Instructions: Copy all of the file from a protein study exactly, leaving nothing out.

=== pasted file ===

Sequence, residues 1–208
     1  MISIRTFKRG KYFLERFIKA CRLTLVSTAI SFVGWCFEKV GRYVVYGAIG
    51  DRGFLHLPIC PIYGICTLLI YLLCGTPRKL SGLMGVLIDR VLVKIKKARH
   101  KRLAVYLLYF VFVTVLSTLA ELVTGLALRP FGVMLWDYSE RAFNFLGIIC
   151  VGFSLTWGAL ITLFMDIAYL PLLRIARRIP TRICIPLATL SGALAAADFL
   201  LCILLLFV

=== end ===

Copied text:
Sequence, residues 1–208
     1  MISIRTFKRG KYFLERFIKA CRLTLVSTAI SFVGWCFEKV GRYVVYGAIG
    51  DRGFLHLPIC PIYGICTLLI YLLCGTPRKL SGLMGVLIDR VLVKIKKARH
   101  KRLAVYLLYF VFVTVLSTLA ELVTGLALRP FGVMLWDYSE RAFNFLGIIC
   151  VGFSLTWGAL ITLFMDIAYL PLLRIARRIP TRICIPLATL SGALAAADFL
   201  LCILLLFV